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Optical Distortion, Inc. HBS Case Study

ODI Discussion/Analysis Questions

1)

  • What characteristics of the ODI lens are likely to make it appealing/unappealing to farmers?
    • Appealing

      • debeaking causes problems of their own in terms of the trauma it causes hurts short term production (for a full week, only 1 egg lost by 5 months) and in the long term in feed is wasted. Debeaking is not an exact science but reduced cannibalism to 9% from 25%.
      • for $2.50/hour could debeak approximately 220 birds per hour.
      • actually modifies behavior as opposed to reducing the weapon. Reduces cannibalsim to 4.5% (1/2 of debeaking)
        • 225 birds an hour to put in lense
      • reduces feed costs from 24.46 pounds to 23.68 lbs per 100 birds
        • 20,000 bird flock could save 156 pounds of feed per day ($12.324/day)
        • $158 per ton - $.079/lbs
    • unappealing

      • more upfront cost
      • can cause eye infection/fall out of place
      • change from current practice.

2)

  • What is the value to famers of lenses over debeaking? Can you quantify it? (Hint: Think about savings from cannibalization, egg reduction, feed, and labor)
    • $.00073 a bird for the debeaking process (which would be unneccessary).
    • $.22 per bird feed savings over a hen’s lifetime
    • $.108 in reduction in replacement cost of of $.21 since lenses reduces cannibolism by 1/2.
    • $.224 of added production in egg production. Hen lays 22 dozen eggs a year. If they lose a week of production from debeaking that is .423 dozen a week (which is 5 eggs a week) and if you assume that is $.53 a dozen that is $.224 cents of lost egg production per bird.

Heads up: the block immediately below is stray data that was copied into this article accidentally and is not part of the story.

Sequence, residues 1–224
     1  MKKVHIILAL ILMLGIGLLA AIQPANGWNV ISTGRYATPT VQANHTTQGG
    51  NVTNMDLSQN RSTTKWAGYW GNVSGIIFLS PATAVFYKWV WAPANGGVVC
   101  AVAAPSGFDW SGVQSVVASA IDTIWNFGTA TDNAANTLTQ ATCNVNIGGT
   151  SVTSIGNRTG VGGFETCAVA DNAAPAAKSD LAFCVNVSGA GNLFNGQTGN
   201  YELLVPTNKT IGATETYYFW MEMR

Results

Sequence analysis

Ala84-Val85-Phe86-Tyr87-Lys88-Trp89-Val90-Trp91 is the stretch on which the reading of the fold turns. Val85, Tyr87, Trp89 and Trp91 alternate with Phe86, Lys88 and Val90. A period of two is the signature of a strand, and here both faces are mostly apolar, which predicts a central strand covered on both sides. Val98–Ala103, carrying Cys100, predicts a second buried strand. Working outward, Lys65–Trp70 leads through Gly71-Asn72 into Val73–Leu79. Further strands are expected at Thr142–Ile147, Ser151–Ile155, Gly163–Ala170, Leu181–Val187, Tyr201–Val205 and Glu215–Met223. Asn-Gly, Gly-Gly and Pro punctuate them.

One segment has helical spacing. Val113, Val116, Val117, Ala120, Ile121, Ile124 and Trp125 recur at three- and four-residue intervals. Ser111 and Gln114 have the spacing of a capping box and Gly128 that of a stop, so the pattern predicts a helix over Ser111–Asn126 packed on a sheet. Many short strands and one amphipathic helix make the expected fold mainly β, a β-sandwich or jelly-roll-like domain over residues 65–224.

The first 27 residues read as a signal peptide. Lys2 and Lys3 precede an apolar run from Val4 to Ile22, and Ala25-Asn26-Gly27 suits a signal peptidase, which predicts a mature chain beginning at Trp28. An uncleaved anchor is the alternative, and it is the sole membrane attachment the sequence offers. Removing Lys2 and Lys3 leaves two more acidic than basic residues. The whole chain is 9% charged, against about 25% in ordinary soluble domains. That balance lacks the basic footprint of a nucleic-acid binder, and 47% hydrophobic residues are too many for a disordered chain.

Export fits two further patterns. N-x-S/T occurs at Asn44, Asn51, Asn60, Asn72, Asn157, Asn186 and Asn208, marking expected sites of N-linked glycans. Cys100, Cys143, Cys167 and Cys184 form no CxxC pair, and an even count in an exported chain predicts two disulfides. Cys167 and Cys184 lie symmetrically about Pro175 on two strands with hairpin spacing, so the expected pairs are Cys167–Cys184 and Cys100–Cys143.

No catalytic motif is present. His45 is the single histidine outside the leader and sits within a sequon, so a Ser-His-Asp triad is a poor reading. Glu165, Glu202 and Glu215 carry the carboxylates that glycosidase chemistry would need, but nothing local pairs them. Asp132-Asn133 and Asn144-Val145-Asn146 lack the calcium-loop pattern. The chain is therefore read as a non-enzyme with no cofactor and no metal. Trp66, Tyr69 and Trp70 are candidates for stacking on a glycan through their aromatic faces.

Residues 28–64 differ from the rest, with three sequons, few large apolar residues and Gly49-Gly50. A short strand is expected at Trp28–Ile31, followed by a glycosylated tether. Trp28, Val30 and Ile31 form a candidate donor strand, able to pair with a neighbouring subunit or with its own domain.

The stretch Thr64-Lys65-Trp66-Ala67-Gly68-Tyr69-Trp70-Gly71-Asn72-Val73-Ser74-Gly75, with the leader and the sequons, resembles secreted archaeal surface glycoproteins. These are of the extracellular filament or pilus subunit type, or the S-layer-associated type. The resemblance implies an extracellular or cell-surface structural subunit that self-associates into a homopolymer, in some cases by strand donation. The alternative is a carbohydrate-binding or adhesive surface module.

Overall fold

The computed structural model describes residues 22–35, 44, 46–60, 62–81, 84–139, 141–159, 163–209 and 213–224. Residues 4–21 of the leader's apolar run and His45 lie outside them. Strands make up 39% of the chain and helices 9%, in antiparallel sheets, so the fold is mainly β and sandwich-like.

• adds up to ~$.33 in added value per bird over their lifetime -> for large farms (50,000 birds) that $17,500 in added revenue a year (though it is annual cashflow of $12 million). For a small farm (10k) is it $3,500.

3)

  • What Pricing policy should ODI adopt and why? What is the savings per bird for farmers at these prices?
    • need market acceptance
    • somewhere around $.35 per bird in added value, which would easily cover the $.07 price increase.

    • Skimming Price

      • For products that represent a drastic departure from accepted ways of performing a service, a policy of relatively high prices coupled with heavy promotional expenditures in the early stages of market development (and lower prices at later stages) has proved successful for many products.
    • Penetration pricing
      • This policy is the reverse of the skimming policy in which the price is lowered only as short-run competition forces it.

    Pricibg Strategies

4)

  • Can ODI turn a profit at these prices?
    • sell at $0.08 per pair
    • cost $0.032 per pair + 12k (for first 15 million pairs)
    • cost $592,000 to operate
    • .048 per pair in profit
    • 592,000 / .048 = 12,333,333 lens to break even meaning they need .1% market penetration.

5)

  • How would you focus ODI’s marketing efforts? How would you segment the customer base?
    • 345 farms have 20% of america’s chickens. If they closed 4 of those farms they would be able to able to turn an operating profit.
      • crowded farms would benefit most from this change and the sales process would be easiest.

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